The area of The Peak helicopter lights were searching. Photo: SCMP Pictures

Helicopters swoop in amid dramatic rescue of mainland Chinese tourist from Hong Kong cliff edge on The Peak

All-night operation mounted in search of hiker who "lost his way" after ride up Mid-Levels escalators

Rescue helicopters swooped in to help an injured and “lost” mainland tourist hanging precariously off a cliff edge on The Peak last night.

An all-night operation in search of the hiker began at 5pm and ended after 2am this morning.

The tourist refused hospital treatment, and walked away from the scene after being rescued and led to Po Shan Road in the Mid-Levels.

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“We received the call for the special service at 5.14pm last night, so we deployed fire engines and an ambulance,” a spokesman for the Fire Services Department said.

"The male hiker refused to go to hospital, so we ended the operation at 2.04am when the hiker reached the road level"
Fire Services Department spokesman

“The male hiker refused to go to hospital, so we ended the operation at 2.04am when the hiker reached the road level.”

The spokesman said the department did not know who had made the call requesting help.

The rescue team consisted of two fire engines and one ambulance that arrived at the scene at 5.21pm last night. Two Government Flying Service helicopters were deployed along with one team from the Civil Aid Service to climb to the hiker’s position.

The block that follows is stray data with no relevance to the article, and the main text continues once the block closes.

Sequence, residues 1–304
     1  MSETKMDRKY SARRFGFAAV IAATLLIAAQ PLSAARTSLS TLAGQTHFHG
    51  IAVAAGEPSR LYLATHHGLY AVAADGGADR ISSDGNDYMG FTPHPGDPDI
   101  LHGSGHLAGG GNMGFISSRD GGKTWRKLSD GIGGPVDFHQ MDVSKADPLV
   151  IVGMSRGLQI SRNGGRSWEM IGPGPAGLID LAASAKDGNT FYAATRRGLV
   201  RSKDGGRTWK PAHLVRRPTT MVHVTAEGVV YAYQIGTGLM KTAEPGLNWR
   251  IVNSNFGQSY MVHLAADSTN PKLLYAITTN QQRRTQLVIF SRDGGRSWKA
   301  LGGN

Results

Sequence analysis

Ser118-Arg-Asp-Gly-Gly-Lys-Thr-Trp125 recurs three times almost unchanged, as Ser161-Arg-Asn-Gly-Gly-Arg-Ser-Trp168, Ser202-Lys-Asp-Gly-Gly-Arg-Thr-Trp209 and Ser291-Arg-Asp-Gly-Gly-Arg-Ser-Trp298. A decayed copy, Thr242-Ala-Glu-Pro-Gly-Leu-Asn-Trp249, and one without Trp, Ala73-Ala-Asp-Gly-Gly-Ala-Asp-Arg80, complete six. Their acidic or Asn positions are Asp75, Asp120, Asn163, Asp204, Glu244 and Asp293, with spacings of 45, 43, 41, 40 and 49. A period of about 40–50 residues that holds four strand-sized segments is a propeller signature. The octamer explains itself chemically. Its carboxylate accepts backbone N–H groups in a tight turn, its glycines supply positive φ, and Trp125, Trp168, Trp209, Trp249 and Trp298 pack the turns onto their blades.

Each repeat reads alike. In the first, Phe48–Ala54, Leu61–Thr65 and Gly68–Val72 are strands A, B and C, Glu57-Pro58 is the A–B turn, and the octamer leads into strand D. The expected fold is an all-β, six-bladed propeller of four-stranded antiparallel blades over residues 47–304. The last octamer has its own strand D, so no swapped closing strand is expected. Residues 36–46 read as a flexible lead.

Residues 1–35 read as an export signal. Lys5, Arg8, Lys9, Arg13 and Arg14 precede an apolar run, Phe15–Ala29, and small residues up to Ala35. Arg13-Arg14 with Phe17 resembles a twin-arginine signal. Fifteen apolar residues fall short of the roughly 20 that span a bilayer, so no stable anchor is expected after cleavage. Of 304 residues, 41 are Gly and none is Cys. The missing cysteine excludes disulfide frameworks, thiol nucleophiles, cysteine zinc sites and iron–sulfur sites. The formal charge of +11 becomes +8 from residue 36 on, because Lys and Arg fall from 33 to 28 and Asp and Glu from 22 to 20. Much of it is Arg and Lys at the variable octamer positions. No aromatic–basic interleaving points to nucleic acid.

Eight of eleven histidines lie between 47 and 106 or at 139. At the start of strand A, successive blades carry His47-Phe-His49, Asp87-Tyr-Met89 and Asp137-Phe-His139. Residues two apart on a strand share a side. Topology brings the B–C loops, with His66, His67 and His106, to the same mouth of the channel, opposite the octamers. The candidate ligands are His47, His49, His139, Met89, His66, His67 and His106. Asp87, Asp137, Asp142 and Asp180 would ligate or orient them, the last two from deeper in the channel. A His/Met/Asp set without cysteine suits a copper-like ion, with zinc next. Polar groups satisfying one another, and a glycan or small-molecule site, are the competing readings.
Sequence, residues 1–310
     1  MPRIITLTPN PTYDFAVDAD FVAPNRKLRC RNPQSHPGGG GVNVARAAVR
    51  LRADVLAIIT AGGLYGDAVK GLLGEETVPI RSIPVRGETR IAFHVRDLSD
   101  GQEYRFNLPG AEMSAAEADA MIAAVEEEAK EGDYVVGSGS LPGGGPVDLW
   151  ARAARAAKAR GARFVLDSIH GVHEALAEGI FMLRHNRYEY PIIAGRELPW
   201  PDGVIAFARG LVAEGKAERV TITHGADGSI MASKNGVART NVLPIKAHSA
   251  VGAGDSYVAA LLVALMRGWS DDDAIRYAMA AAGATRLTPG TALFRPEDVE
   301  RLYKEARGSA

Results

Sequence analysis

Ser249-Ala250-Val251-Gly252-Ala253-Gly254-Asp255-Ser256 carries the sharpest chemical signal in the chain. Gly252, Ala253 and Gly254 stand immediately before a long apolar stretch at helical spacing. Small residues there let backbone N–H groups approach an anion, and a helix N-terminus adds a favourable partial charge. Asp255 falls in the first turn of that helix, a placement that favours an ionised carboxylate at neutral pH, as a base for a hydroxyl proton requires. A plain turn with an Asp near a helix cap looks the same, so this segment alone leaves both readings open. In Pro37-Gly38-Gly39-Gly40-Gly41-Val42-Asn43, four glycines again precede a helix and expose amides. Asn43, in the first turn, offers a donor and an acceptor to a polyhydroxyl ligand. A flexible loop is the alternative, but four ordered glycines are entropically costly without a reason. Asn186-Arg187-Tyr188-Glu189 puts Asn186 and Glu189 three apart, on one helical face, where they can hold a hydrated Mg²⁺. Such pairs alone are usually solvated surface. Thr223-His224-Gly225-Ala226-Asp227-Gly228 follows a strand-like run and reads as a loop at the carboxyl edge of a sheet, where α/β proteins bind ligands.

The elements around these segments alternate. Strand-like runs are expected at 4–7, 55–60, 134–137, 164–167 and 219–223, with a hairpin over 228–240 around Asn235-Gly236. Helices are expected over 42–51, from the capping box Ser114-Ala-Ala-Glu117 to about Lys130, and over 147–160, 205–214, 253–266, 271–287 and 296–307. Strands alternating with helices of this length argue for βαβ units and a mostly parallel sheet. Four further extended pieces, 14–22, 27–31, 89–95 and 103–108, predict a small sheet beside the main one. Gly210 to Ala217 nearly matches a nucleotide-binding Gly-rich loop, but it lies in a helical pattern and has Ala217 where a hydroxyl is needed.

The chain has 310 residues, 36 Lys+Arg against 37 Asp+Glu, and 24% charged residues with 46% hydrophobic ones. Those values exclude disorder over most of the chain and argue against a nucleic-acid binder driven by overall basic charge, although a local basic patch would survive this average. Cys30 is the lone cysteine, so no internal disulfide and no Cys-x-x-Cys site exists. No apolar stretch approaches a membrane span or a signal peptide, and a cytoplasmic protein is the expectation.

A police spokeswoman said the 27-year-old tourist, surnamed Yu and holding a two-way permit, called police at 5.24pm saying he had made his way from Central up to The Peak but lost his way.

“He told police he took the escalator system from Central to the Mid-Levels and walked about 30 minutes before he lost the way,” police said. “He claimed he tripped and fell to the ground, sustaining leg injuries.”

Police said the hiker’s leg injuries were minor and did not require hospital treatment.

Two Government Flying Service helicopters were deployed. Photo: K.Y. Cheng

Dai Evans, operations manager for the Government Flying Service, said: “A mainland tourist got lost, and sustained a minor injury. [Fire services] called for assistance, and the helicopter went out and located him, but it was too dangerous to winch.”

The proximity of a surrounding cliff face and apartment buildings meant a helicopter rescue was too risky, and winds created by the chopper potentially could have dislodged the man from his setting.

“A second helicopter went out and provided illumination for the ground party to get in and rescue the casualty,” said Evans.

Aerial services ended at 11.15pm last night, he said.

The tourist was described “as hanging off a cliff face, and not going to move very far”.

“We are regularly called out [to help] people who are lost, but it depends on what situation they’re in – probably once a month [there is someone] stuck on cliffs who can’t move,” Evans said.

The episode sparked lively conversation on social media among residents of nearby apartment blocks in Mid-Levels, with some enjoying a front-row view of the action amid the noise and lights from the helicopter.

The rescue operation comes amid a string of burglaries on The Peak, including a break-in at the home of HSBC Asia-Pacific chief executive Peter Wong Tung-shun in Middle Gap Road, which became the target of a HK$2.45 million theft. A 24-year-old mainland man was arrested on Monday in connection with the burglary on Sunday night. One man is still being sought by police.

Additional reporting by Clifford Lo